Burundian army

Burundian soldiers patrolling the streets of Bujumbura. Photo by the author

The car stops and the driver turns off the ignition and leans back in the seat. Before us winds a long queue of cars and minivans in the afternoon sun. People have gone out of their cars and sit in the shade along the roadside. Talking, eating, listening to the radio. The atmosphere is calm and quiet, but also restrained, subdued. Everyone is careful, observant. The scenario has become common in the capital Bujumbura in recent times. Streets and intersections blocked off to all traffic, often for several hours, waiting for the President’s convoy to pass. Usually it occurs when Nkurunziza is on his way in or out of the capital to the countryside where he prefers to stay most the time. When the convoy eventually passes, nobody is allowed nearby, no cars and no people. All street corners are emptied. Even the security personnel guarding the streets must physically turn their heads away, direct their weapons in a different direction, and may not look at the passing cars.


About one year ago, on 21 July 2015, Pierre Nkurunziza won the controversial presidential elections in Burundi and thus realized his ambition to remain in office for a third term. The public statement that Nkrunziza would run again was announced at the party congress of the ruling party CNDD-FDD (Conseil National pour la Défense de la Démocratie-Forces de défense de la Démocratie) in April 2015 and became the start of an escalating conflict between a faithful click around the President and a multifaceted opposition, who regarded the decision to be a violation of both the constitution and the spirit of the Arusha peace agreement. In several neighborhoods around the capital, people took to the streets in heated but well-organized demonstrations.

In the months that followed, the violence increased significantly. ACLED recently reported that more than one thousand people have died in political violence in Burundi during the past year. The most violent incident to date, a coordinated attack by the armed opposition on three military bases, occurred on 11 December last year. Thousands of people have fled the country, especially to the neighboring countries in the region. The regime’s ethnically charged rhetoric caused many analysts to warn of a new civil war and the risk of genocide. But during the spring of 2016, the media noise about the situation in Burundi gradually went quiet. What is the situation in the country today? Is the country on the brink of genocide or are the political negotiations to resolve the conflict gaining ground?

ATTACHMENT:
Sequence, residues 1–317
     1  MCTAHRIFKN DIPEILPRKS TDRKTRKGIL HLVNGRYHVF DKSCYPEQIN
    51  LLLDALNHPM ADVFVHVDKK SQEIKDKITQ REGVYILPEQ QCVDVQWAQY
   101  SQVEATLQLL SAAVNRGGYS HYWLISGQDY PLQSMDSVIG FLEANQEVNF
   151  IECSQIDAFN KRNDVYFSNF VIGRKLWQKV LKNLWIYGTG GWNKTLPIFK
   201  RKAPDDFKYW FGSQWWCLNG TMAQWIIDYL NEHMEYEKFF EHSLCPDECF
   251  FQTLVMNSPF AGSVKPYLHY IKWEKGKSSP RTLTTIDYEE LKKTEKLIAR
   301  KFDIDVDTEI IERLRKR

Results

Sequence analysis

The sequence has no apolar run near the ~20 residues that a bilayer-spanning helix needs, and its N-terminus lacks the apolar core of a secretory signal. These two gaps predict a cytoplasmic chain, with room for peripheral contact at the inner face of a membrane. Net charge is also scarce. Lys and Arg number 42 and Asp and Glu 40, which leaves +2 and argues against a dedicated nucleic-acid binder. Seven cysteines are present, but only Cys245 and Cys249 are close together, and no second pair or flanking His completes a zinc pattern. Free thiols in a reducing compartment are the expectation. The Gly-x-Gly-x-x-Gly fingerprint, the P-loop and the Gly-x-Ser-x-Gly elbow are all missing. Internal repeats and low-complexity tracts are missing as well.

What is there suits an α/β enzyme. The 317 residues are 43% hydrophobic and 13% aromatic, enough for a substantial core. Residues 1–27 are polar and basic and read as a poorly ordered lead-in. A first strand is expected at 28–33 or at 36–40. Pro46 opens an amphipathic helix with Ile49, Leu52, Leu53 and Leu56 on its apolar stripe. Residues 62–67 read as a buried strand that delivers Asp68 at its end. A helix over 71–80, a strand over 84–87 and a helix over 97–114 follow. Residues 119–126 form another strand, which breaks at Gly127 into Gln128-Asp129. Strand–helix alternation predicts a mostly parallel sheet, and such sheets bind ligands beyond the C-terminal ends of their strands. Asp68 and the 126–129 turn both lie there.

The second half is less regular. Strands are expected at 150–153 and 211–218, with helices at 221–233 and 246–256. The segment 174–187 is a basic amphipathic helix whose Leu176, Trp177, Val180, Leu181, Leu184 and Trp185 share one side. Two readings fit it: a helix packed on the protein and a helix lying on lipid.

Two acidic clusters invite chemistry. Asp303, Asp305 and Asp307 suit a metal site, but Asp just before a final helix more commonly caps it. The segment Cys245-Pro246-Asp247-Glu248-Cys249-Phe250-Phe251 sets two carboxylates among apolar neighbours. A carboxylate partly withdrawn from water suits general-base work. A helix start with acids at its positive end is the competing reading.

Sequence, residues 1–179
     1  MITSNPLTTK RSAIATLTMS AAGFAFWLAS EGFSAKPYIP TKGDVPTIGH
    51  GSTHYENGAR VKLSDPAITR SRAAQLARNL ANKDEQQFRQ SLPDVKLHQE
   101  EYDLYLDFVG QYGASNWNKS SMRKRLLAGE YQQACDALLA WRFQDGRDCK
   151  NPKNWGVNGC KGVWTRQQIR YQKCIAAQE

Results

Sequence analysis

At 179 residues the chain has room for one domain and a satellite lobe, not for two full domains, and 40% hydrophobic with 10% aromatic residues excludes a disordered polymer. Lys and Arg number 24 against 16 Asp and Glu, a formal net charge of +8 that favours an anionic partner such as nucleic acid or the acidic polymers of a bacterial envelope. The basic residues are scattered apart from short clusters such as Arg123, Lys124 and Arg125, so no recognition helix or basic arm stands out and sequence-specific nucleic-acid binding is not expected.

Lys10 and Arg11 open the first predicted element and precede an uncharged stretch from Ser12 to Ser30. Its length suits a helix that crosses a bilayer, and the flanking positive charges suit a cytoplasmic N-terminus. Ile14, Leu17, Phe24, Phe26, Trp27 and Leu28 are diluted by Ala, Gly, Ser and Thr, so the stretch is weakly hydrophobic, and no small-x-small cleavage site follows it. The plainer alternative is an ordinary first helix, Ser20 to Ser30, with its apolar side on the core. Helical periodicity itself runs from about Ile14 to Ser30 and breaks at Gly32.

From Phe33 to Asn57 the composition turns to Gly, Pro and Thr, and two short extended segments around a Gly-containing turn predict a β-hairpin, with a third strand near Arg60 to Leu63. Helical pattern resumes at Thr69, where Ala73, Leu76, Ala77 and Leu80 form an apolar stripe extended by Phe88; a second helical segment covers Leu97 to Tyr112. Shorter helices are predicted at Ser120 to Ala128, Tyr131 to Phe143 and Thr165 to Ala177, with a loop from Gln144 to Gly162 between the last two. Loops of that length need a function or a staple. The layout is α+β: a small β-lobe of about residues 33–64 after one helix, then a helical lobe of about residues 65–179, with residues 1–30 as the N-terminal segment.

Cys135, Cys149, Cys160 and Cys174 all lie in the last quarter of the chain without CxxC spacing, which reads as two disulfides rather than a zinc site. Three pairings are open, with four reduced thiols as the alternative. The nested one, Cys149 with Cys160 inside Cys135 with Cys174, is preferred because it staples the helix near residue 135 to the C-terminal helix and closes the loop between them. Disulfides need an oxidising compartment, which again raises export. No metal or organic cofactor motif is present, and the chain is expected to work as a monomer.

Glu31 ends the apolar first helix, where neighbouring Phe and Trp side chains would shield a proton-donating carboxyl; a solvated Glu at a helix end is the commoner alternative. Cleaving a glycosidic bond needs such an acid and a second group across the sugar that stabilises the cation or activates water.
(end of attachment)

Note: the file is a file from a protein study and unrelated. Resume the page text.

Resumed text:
In a city that about a year ago was marred by open demonstrations and almost daily shootings, there is today a deceptive calm. Many of the young people who made up the leading front in last year’s demonstrations have been forced to leave their areas, have fled to the countryside or abroad, or have joined the organized, but fragmented, armed opposition. Many well-known dissidents are in exile, others are under constant surveillance. Most private media are closed down. The mass arrests and nightly raids that dominated the media reporting towards the end of last year have been replaced with targeted killings of high-level individuals – politicians, army personnel, civil society representatives – who are suspected of sympathizing with the opposition. In some cases, both the perpetrator and the motive remains unknown and unreported, as in the case of the assassination of General Kararuza – military adviser to one of the country’s two vice presidents – who was shot dead along with his wife and a bodyguard outside his daughter’s school on the morning of 25 April. The fear and suspicion is palpable, and few go out after dark if they can avoid it.